Visa There are a number of specialized jobs that the Thai government has not yet permitted foreigners or immigrantsVisa to take, as they are only allowed for Thai citizens. What are those jobs?
– Vehicle Driver (except for Forklift Operator)
– Hairdresser, and Beautician
– Mat Weaver, or Maker of equipment made from reed, rattan, straw, bamboo, feathers, and web
– Mulberry Paper Maker
– Thai Traditional Instrument Maker
– Legal Service Provider
– Nielloware Smith
– Gold smith, and Rose Gold Smith
– Stone Carver
– Thai doll maker
– Alms-bowl Maker
– Thai Masseuse
– Cigarette Roller
– Tour Guide
– Silk handweaver
– Buddha Image Sculptor
– Paper & Cloth Umbrella Maker
– Sales and Representative
– Thai Silk Twister
What kind of jobs can non-Thais do for a living, and under what kind of conditions?
There are a total of 13 jobs that immigrants can take upon abiding by some specified working conditions.
As per the Thai Ministry of Labor’s Announcement on Jobs Visa not Permitted for Immigrants, the second account states Architect, Engineer, and Accountant. However, to be able to take them, their country must already have made a specific bilateral labor agreement with Thailand. On the third account, immigrants whose country has made a specific bilateral agreement with Thailand can take a specialized or semi-specialized job under an employer’s care. What are those jobs?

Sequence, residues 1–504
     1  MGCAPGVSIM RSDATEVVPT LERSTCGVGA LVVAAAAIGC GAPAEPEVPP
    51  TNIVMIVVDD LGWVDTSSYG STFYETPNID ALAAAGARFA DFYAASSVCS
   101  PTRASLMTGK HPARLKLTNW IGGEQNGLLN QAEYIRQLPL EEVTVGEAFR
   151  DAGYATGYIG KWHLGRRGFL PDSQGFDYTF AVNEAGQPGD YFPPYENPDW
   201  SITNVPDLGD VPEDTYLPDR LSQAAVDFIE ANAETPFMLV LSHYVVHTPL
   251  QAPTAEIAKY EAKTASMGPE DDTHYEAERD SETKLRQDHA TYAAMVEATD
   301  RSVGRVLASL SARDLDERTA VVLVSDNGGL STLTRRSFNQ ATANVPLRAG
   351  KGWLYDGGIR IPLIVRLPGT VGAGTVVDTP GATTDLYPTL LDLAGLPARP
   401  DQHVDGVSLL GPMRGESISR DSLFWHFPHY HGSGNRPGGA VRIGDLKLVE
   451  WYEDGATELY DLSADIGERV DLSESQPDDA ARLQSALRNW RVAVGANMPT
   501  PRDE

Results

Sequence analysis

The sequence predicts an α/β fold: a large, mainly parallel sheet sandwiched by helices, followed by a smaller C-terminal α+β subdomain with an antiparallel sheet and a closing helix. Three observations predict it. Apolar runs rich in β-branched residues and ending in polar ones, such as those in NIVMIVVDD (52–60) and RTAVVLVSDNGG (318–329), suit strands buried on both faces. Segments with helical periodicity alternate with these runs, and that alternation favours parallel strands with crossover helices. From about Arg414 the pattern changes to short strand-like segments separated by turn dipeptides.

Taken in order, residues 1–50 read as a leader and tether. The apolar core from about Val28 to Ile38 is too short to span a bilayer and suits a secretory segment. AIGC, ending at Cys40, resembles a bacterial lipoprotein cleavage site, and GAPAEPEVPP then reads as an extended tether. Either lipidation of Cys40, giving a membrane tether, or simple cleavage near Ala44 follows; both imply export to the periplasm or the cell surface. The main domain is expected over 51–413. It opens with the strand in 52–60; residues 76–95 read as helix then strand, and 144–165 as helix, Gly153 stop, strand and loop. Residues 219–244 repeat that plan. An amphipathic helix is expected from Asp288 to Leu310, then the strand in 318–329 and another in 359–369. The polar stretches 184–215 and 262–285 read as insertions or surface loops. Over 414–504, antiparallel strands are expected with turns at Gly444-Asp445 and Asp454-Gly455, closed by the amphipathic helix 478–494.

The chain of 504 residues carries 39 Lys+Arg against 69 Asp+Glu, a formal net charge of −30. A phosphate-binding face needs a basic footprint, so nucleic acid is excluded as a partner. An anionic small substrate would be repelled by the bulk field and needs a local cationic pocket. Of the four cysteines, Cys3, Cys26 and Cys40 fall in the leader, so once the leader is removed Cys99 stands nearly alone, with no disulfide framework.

– Hat Maker
– Agricultural worker
– Bricklayer, Carpenter, and Construction Worker
On the fourth account, immigrant workers whose country had established the bilateral MoU (Memorandum of Understanding) with the Thai government are allowed to enter and live in the country, under the supervision of the employer. Immigrants will also be subject to both countries’ Immigration Law. The jobs are shop worker, and general laborer.
On a last note, in the cases where immigrants violate the laws by having no work permit, or taking on an unlisted job, the act can result in 5,000 – 50,000 Thai Baht of fines, and deportation from Thailand. Another important case is when employers allow their workers to work without a permission, and/or take on a job that is not listed for immigrants; this can result in fines of 200,000 Thai Baht, and/or imprisonment, including receiving a ban from working in Thailand for three years.
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